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Australia’s Recent Radioactive Mishap: A Laughing Matter?

Happens more often than you think

Recently, Australia had a bit of a kerfuffle when they lost a radioactive capsule. People were shocked and horrified, but here’s the real shocker: radioactive material goes missing more often than you think!

In 2021 alone, there was one “orphan source” that disappeared every three days, according to the International Atomic Energy Agency (IAEA). The Nuclear Threat Initiative (NTI) keeps track of lost and found nukes and rads, and their list is a real doozy. There’s the guy in Idaho who found a radioactive gauge just chillin’ in the middle of the road, a package of radioactive material that fell off a truck and landed on a lawn (the lucky recipient got it delivered that same day!), and even a tourist who was stopped at St. Petersburg airport with a radioactive watch.


Of the almost 4,000 radioactive sources that have gone missing since 1993, 8% were taken for evil purposes, 65% were lost accidentally, and the rest? Well, who knows! But when handled properly, radioactive material is nothing to fear. But, if you happen to come into direct contact with it, you could fall very sick or even die. Just ask the people of Goiânia, Brazil who were affected by the 1987 incident where a canister of Caesium-137 (used in medical settings) was stolen, taken apart, and spilled its radioactive contents. A junkyard owner even showed it off to friends and family, resulting in dozens of people requiring medical attention and two towns being evacuated.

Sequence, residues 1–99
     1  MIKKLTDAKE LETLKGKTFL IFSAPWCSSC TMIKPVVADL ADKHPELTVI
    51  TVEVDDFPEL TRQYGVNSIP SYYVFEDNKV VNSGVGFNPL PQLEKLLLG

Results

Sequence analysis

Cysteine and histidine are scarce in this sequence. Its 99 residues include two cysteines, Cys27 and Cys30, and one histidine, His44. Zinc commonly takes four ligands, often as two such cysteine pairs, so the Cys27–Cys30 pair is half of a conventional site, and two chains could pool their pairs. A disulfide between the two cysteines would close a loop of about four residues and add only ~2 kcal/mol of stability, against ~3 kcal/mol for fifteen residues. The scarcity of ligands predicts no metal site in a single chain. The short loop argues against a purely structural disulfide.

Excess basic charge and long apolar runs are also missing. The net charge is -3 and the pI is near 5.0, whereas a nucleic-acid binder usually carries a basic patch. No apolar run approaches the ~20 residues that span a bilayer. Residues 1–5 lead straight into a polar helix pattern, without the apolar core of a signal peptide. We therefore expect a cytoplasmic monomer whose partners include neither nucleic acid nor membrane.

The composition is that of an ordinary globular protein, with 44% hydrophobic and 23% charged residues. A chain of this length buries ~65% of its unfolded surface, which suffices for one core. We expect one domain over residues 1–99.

Why so many ?

So, why is radioactive material so prevalent in our lives? It’s simple, it’s used for a lot of things! For example, medicine uses it to treat cancer patients, for heart scans, and to diagnose diseases. And, it’s even found in household items, like smoke detectors (66 were lost in southern Ontario in 2019, according to NTI). The number of radioactive items transported every year is 15 million, so it’s a good thing they’re “closely regulated”. Although, the recent misplacement of the radioactive capsule in Australia was unacceptable.


In conclusion, next time you’re walking down the street and you see a glowing object, just remember: it could be radioactive! So, keep a safe distance and make sure to call the authorities, unless it’s a fire alarm, then go ahead and grab that snooze button.

Read the poem that i’ve created on this topic!

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Published in Living Start Writings


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